National Television Awards viewers believe they picked up on a subtle Queue-gate joke Sir Lenny Henry made during his acceptance speech.
The comedian was honoured for his almost 50-year career and presented with the special recognition award during the prestigious ceremony at the OVO Arena Wembley arena in London.
As Sir Lenny took to the stage to accept the award to a standing ovation from the star-studded audience, the comedian made an apparent reference to the Queue furore surrounding This Morning ’s Holly Willoughby and Phillip Schofield after allegations they skipped the queue to see the Queen lying in state.
Holly and Phillip addressed the row in a pre-recorded statement on This Morning, insisting they would ‘never jump a queue’, explaining they had media accreditation.
Yet the duo were compared to celebrities including David Beckham and Susanna Reid, who queued for hours to see the Queen lying in state.
Referring to former footballer David, who waited for 13 hours with other members of the public to pay his respects to the late monarch, Sir Lenny said: “This show is so long that David Beckham is still queueing outside.”
ITV viewers were quick to pick up on the mention, with one taking to Twitter to write: “Classic Lenny Henry in the presence of Phil & Holly, David Beckham is still queuing outside.”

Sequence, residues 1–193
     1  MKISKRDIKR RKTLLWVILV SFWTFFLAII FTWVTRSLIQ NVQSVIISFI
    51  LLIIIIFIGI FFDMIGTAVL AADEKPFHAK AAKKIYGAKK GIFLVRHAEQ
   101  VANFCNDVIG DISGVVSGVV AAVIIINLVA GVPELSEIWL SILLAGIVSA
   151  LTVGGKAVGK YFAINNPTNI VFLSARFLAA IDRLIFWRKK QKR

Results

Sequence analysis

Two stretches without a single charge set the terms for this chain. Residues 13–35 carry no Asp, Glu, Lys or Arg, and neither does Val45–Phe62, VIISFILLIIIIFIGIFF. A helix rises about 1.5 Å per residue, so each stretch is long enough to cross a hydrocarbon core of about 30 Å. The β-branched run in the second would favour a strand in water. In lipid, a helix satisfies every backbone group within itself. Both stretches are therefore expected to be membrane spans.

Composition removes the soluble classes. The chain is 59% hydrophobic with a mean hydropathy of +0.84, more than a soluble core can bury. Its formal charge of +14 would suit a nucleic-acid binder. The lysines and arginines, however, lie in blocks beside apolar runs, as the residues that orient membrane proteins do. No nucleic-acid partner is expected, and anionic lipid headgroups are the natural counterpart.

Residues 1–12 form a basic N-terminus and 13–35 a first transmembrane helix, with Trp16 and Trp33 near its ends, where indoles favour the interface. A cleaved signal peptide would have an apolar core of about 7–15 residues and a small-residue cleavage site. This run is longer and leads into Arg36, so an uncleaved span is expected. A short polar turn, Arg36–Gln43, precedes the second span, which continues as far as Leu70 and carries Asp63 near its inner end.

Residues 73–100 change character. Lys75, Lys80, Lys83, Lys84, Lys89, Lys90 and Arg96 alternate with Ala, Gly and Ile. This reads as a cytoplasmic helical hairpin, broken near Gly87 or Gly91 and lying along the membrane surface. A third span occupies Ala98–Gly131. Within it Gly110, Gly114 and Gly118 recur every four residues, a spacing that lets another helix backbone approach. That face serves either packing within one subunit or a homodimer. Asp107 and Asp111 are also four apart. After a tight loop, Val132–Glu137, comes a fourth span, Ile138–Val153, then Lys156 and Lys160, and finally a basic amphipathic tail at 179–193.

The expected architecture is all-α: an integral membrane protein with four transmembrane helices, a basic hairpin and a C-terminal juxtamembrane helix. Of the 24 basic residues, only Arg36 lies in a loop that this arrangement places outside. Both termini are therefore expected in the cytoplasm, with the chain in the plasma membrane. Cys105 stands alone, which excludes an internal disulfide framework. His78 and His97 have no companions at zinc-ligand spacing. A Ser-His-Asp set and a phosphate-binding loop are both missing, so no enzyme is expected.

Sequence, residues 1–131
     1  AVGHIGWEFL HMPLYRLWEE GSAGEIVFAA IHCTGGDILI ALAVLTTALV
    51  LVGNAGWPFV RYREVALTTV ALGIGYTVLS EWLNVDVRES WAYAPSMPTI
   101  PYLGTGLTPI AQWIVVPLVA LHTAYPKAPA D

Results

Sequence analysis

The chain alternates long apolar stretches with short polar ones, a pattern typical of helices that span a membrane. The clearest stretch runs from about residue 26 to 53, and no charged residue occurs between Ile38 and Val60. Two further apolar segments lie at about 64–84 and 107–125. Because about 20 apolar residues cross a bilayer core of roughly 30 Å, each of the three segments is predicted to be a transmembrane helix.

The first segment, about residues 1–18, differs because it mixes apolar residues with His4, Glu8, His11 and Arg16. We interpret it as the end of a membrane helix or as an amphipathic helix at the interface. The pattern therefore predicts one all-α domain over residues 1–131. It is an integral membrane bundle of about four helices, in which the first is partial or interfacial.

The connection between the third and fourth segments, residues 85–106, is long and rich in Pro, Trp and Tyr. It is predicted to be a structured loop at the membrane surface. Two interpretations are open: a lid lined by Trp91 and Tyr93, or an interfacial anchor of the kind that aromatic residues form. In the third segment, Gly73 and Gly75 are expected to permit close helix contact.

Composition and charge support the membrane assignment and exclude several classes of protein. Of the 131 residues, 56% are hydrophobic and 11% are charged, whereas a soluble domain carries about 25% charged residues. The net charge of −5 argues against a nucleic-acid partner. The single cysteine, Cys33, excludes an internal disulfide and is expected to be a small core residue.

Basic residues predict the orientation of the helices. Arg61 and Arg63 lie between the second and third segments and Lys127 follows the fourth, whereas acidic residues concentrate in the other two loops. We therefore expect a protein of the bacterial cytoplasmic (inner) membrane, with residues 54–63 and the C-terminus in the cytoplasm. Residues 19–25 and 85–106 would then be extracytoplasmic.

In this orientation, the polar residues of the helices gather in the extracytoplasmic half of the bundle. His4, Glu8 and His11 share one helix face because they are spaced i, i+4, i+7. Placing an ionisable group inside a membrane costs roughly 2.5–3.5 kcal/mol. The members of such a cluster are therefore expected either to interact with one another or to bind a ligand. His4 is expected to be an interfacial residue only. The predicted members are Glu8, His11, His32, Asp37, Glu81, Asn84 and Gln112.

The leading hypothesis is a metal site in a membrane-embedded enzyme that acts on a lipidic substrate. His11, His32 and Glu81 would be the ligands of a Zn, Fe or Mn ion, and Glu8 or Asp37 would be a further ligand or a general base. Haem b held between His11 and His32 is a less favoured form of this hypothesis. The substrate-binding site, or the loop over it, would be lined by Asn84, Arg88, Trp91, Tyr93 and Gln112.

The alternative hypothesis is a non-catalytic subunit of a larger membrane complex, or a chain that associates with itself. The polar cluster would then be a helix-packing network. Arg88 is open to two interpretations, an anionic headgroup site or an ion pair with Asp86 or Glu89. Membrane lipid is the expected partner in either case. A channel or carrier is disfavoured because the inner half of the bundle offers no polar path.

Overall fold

A second chimed: “The cameraman trying not to film Phil and Holly when Lenny Henry made that queue joke.”
“Was Lenny Henry having a pop at Holly & Phil queuing up by referencing David Beckham,” another asked.
NTA organisers said Sir Lenny’s gong marked his ‘trailblazing career in UK television’ as the Brummie star was celebrated for his services to TV and charity.
He said after collecting his gong: “To actually be acknowledged by one's peers in a moment like this was huge because awards are a conversation you have with you. Of the people that you work with.
“My mum always said that I was blessed... I never had a Plan B. So to just stop being a welder and an engineer and to go straight into doing this, when I was 16, was a massive step because we came from poverty.
“Our house had a hairline crack down the middle of it, which we used to go through instead of the front door.
“So I just wanted to make sure that people understood that if you're black in the Midlands in the 70s, this isn't where you think you're going.
“So to everybody in this room, to everybody who kind of said Lenny should get something... I can barely speak.”